Complete end-to-end IP video technology is behind an integrated public safety system on Penang Island, the most populated of Malaysia's islands. Its capital, Georgetown, attracts many tourists and, as with other city centers around the world, it faces a complex security environment, including criminal activity and traffic issues.
The surveillance project consists of 31 PTZ dome cameras connected via a wireless IP network monitoring the whole of the Georgetown area. The cameras are focused on crime and traffic hot spots such as tourist areas, banks, petrol stations, traffic intersections and commercial centers.
The integration features of the IP video solution allowed a number of emergency kiosks to be installed in tourist areas. Using a transmitter/receiver module, which can transmit high-quality video and audio as well as digital input/output, a standalone video intercom solution for the kiosks was developed. When a member of the public activates the emergency button, two-way communication is opened up with one of the control room operators via a hidden microphone and camera in the kiosk. The intercom video from the kiosk automatically displays on a video management workstation and the nearest PTZ is panned and zoomed to the kiosk area. This is all achieved over the wireless network. The only cabling required is power to each of the kiosks. The PTZ domes are also connected to transmitter modules and the audio capability is used to provide public announcement facilities through speakers mounted with each camera. Redeployable Cameras – Swindon, UK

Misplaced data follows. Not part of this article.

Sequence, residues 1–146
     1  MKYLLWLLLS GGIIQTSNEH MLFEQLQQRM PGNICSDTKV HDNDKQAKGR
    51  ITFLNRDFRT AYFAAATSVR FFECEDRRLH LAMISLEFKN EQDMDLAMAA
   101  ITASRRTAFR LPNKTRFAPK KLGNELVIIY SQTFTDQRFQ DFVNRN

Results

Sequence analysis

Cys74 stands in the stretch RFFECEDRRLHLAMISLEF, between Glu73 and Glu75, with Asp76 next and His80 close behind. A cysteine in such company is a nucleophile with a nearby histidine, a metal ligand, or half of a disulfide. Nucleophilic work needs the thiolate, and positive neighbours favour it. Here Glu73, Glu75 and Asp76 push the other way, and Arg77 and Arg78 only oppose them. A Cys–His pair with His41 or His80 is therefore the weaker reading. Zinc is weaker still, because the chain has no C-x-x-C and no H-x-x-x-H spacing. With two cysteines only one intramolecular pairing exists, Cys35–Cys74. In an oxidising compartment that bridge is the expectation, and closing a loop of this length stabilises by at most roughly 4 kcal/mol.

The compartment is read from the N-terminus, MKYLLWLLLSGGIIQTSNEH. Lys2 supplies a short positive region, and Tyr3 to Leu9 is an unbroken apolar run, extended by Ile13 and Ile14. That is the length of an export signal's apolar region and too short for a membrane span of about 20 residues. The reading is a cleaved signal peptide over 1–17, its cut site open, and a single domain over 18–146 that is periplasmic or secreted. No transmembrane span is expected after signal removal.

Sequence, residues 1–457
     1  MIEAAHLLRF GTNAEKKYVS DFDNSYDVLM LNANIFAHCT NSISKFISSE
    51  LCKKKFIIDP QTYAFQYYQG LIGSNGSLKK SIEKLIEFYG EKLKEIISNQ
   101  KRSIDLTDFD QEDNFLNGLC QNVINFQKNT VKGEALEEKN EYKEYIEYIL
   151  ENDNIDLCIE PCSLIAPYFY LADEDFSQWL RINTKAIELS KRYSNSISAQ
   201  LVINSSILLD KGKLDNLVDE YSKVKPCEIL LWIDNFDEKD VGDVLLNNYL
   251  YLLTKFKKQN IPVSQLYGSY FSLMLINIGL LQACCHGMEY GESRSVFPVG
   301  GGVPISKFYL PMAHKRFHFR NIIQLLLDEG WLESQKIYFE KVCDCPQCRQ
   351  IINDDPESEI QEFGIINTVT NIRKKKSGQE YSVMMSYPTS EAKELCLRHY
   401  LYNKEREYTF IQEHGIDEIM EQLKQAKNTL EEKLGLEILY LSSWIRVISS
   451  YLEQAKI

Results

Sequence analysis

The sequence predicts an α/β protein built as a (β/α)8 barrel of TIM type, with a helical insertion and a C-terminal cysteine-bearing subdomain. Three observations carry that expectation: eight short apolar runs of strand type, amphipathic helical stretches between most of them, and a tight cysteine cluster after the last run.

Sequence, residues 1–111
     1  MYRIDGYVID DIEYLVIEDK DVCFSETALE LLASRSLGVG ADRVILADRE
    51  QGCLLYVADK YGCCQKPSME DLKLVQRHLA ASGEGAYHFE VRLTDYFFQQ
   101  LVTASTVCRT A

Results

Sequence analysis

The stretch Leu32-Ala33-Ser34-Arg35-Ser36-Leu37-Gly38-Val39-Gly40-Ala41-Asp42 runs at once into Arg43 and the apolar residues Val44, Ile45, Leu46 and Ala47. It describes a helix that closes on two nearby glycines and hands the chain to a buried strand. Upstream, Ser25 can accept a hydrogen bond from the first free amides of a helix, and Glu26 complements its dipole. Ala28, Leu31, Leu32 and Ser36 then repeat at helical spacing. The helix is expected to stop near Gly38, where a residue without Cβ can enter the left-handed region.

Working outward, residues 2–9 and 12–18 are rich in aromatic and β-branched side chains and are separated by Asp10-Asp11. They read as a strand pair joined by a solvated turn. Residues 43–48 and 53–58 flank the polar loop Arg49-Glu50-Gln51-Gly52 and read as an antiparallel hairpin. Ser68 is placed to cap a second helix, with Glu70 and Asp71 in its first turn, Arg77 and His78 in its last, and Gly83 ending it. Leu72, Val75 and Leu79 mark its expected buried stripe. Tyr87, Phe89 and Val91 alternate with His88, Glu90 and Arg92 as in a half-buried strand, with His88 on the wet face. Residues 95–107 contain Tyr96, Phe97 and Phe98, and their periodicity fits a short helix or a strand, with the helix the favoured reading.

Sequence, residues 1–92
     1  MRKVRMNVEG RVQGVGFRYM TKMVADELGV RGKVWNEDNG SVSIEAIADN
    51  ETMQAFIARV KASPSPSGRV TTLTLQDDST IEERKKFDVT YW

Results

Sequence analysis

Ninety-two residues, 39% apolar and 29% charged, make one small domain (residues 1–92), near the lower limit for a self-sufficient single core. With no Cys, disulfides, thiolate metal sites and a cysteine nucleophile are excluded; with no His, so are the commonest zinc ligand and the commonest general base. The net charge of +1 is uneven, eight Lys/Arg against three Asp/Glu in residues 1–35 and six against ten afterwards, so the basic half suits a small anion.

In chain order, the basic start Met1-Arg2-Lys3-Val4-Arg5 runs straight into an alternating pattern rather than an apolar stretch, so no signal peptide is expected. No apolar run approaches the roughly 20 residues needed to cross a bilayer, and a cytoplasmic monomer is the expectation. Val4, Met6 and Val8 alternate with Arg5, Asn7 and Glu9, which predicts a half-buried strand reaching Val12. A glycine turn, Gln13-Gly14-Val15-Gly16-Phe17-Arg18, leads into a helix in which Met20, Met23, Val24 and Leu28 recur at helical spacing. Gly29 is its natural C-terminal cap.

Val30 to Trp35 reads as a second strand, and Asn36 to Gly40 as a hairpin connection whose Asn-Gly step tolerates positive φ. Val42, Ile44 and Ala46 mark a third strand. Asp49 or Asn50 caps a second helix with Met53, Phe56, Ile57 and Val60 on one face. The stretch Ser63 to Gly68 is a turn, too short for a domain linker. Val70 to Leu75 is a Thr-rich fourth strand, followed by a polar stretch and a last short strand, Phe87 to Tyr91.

IP video technology is providing a redeployable surveillance system for Swindon town center. The system is operated by the Swindon Town Center Management Team which assists the police and other partnerkiosks in reducing antisocial behavior, shop theft and other criminal activity. Like many towns, their previous system did not provide surveillance of the more remote areas to which crime often migrated in order to avoid the cameras, a problem that the Swindon Team were keen to solve.
The solution was to develop a redeployable camera system using wireless IP video technology to provide remote surveillance and to gather evidential-standard video images. Video management software allows simultaneous viewing and recording of images from any of the redeployable cameras. Video from the strategically deployed cameras is transmitted wirelessly via line-of-sight and a number of relay base stations, back to the control room. This allows the cameras to be redeployed between base stations without reconfiguration. The vandal-proof camera housings were developed especially for this project and contain a camera, a video transmitter unit, wireless transmitter and power supply and an optional heavy duty rechargeable battery so the cameras can be deployed in locations without local power supplies.